Your Quick Tips, 12 November 2007

Colonial Massachusetts tombstone details: Capt. Samuel Hunting, Charlestown, 1701 (from Library of Congress Photo Collection at Ancestry) New England Tombstones
While looking at a website of New England tombstones, I remembered something from an archeology class about the sequence of New England headstone style changes. I Googled the name of the author and found an article from a journal. Some researchers might find this useful in getting approximate dates on headstones with names but no exact date data. Click here to read the article.

All the best,
Tom Walden

Image: Colonial Massachusetts tombstone details: Capt. Samuel Hunting, Charlestown, 1701 (from Library of Congress Photo Collection)

Sometimes It Takes a Manual Search
In searching census records, I found that on one occasion the person who wrote the index missed listing my ancestor and family. I found him by the tedious but effective method of “manual search.” I went to the district, county, and state I thought he should be in and started with page one scanning each page with my eyes. Ah ha! There was the family. Sometimes the long way to do something is the only way.
Thanks for all you do to help us amateurs with our hobby.

Marilou Watson Jacob
Louisville, KY

New Portal of Family History Websites
I have posted a listing of commonly used family history websites alphabetically arranged from A to Z. This website will be helpful to family history instructors, students, genealogists, and librarians as a quick listing of popular sites.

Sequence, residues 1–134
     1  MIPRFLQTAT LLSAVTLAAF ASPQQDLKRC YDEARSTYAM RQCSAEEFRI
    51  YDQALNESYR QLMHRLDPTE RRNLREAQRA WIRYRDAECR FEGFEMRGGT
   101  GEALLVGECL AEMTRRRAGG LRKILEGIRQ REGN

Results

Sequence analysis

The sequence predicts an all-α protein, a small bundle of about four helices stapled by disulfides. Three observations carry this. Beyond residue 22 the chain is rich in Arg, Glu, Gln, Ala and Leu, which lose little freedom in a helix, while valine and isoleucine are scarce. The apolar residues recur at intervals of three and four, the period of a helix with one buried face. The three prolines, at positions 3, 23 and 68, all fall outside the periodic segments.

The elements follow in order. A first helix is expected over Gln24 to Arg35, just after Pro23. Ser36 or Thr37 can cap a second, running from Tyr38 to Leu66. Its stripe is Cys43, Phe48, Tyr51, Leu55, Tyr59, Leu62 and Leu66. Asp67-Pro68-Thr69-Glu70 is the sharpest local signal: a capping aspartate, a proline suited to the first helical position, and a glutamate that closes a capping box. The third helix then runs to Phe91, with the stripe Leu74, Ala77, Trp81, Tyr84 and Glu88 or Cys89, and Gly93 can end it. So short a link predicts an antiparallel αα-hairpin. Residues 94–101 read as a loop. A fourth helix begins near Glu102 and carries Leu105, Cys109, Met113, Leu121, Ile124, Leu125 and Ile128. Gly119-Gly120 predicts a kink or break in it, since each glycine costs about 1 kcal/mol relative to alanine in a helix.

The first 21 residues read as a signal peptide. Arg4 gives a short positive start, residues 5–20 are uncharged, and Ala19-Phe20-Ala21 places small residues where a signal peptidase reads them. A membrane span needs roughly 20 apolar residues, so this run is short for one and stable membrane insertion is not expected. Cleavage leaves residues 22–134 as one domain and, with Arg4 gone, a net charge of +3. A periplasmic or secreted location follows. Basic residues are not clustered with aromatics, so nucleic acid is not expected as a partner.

Kip Sperry

Click here for a printer friendly version of this article.

If you have a suggestion you would like to share with other researchers, send it to: . Thanks to all of this week’s contributors!

Quick Tips may be reprinted, with credit to the submitter, in other Ancestry publications, so if you do not want your tip included in a publication other than the “Ancestry Weekly Journal,” please state so clearly in your message.

3 thoughts on “Your Quick Tips, 12 November 2007

  1. Thanks for the link to the article on evolution of
    Tombstone styles in New England. I’ve found this
    type of information very helpful in trying to place
    my ancestors religious affiliation and place in society.

  2. Pingback: An Interesting Tip … « Jessica’s Genejournal

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